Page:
A sure sign of their European past, early residents of Clarksburg buried their
dead in town and lived among them. (Perhaps they were inspired by their greatness!)
Their old cemeteries aren’t elaborate or whimsical, like those of the French, for early
settlers here weren’t wealthy. On the frontier, they were busy repelling Indian attacks
until the Treaty of Greenville in 1795 and hadn’t time for whimsy or creating new burial
customs, and so they carried on with life as they had known it in the old country.
Founded in 1785, ten years before the Treaty of Greenville, the early city interred their notables in church yards or family plots.
We find Daniel Davisson DAR Cemetery on W. Main Street beside Go-Mart. After
circling the block twice, we see the sign.
Several dozen graves are scattered about what used to be the yard of Hopewell Baptist
Church, first church in Clarksburg, now gone. Most markers are natural stone with
names and dates scratched in them, long ago faded and unreadable, but I learn at
Waldomore that the old Baptist church kept and preserved good records! In the book
there, I see that Forbes Britton, first newspaper man in Clarksburg, is buried here. Some
markers have been supplied by the Veterans Administration and are like those we see in
Here is Daniel Davisson, one of the first recorded settlers.
I learn at the genealogy research center at Waldomore that DAR (or Veterans
Administration?) has got details wrong. Davisson was never sheriff or in
the Revolutionary War! He was awarded the title of "Major" in 1799 because he had
lived on a dangerous frontier where homesteaders were attacked by Delaware
Indians--encouraged, of course, by the British (following the lead of the French in the French and Indian War). Nobody here fought Redcoats. As
colonists in the East complained to England about taxation without representation, Harrison County,
Virginia expressed to Richmond their indignation about the meager help they got from any central government to repel Indian raids! With the patronage title of Major, Davisson
was given the paid position of sweeping the courthouse floor. One other interesting tidbit
concerns his being accused of stealing chickens.
David Houchin, Secretary of Harrison County Genealogical Society, regrets that he can’t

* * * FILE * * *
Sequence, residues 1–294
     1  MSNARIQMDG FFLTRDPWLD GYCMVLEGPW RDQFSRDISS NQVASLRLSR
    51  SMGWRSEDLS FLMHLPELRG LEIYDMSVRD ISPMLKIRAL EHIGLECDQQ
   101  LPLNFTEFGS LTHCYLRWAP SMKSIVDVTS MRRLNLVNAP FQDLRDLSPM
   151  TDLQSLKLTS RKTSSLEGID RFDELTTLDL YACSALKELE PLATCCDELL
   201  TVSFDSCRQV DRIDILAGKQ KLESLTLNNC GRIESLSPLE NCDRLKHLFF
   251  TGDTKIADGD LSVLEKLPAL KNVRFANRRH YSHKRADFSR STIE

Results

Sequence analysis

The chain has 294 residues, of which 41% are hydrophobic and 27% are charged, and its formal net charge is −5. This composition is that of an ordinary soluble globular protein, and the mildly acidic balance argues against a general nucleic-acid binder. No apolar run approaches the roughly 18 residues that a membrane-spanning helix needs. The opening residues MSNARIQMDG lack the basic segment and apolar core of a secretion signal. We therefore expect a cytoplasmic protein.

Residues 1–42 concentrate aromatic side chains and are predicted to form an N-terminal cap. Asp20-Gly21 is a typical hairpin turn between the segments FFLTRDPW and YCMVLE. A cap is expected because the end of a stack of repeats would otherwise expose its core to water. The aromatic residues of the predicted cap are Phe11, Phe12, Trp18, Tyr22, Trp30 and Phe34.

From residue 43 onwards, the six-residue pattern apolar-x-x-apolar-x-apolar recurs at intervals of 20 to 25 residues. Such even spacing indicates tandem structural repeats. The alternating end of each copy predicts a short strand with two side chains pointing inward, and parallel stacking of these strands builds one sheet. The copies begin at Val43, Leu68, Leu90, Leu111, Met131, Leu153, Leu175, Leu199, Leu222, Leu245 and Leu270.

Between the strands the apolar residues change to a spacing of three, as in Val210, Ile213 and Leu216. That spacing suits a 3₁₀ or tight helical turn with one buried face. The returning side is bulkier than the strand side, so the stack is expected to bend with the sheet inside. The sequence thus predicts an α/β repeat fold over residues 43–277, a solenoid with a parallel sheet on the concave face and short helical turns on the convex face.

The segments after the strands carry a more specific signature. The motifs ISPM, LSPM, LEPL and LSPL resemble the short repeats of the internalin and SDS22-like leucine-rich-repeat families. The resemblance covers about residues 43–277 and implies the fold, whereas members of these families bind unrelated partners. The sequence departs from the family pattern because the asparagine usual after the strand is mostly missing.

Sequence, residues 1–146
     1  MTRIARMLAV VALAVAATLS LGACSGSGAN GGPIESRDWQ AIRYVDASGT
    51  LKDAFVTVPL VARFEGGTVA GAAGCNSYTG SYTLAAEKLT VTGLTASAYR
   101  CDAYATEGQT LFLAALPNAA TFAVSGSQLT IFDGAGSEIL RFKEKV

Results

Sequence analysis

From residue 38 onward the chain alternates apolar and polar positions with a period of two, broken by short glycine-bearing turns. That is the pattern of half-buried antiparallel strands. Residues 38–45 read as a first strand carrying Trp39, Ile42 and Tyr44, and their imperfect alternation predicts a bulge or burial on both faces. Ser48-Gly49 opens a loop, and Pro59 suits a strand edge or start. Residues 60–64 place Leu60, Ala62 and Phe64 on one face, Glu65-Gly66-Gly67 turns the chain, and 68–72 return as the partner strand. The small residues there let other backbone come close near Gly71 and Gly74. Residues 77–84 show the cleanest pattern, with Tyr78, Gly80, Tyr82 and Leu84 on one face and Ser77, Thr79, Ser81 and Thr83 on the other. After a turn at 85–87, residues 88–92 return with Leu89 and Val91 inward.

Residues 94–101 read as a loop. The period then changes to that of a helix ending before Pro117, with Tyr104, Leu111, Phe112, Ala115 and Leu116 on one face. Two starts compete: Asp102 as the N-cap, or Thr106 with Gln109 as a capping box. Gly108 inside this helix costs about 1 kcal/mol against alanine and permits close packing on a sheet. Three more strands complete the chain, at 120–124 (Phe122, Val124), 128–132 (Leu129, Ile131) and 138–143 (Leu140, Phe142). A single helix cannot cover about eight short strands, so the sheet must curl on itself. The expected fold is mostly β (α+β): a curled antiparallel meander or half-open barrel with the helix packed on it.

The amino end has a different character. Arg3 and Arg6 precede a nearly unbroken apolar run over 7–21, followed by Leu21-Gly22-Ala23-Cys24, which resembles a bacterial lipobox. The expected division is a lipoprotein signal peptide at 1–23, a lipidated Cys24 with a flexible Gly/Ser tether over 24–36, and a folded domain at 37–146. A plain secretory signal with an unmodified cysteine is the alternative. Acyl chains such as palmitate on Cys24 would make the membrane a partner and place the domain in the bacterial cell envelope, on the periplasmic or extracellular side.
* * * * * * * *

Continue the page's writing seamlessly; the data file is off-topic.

prove whether Davisson was a chicken thief: "But he was in the chicken house!" He
confirms that most of Clarksburg’s downtown--Main St. and Pike St.--is on property that
Davisson donated. I am impressed with the knowledge available about early settlers and
with the amount of frustrating work needed to verify details. Even so, Houchin stresses,
you can never be sure. He adds that his head is so full of details that he longs to retire so
that he can empty his brain and "find out if I still have one." Working on Civil War
research, I can empathize, but I must consider myself lucky. When research won’t give
up the missing link, who ya gonna call? Genealogy.
Another marker in the cemetery is almost accurate.
Major Thomas Preston Moore was a legitimate participant in the War of 1812, but
not in the American Revolution. His daughter, Harriet Moore, who married Waldo Potter
Goff, lived in the antebellum mansion of Waldomore, built in 1839.
That’s where Harrison County Genealogical Society is housed on the third floor--where I
am sitting when I discover this link to the markers I have found in the graveyard.
Eighty-five years after its charter as a city in Virginia, Clarksburg was hardly even a town
with only 895 residents in 1860, just before the Civil War’s preliminary skirmishes in
West Virginia. Although this is a Revolutionary-era graveyard, I find clues here about the
appearance of the town as it existed at Stonewall Jackson’s birth. From the tombstones I
can read, I gather that most of the luminaries here now were here before 1824 and
certainly before the Civil War. This Baptist church and graveyard were on Main Street
near the courthouse in the isolated frontier village in Virginia. Bragging rights included
operating more grain mills than any other settlement around, so land was dedicated to
The Army Corps of Engineers and West Virginia University have been dismantling and
moving some of those mills that are still in existence. We’ll see two of them later today
at Jackson’s Mill, Stonewall's boyhood home. An effort is also being made to preserve early
farming, logging and woodworking methods. I see folk heritage sites in the making all along
the Civil War Heritage Trail. Everywhere I go, guides explain what has been saved,
moved, restored and, more interesting to me, what I can expect to see when I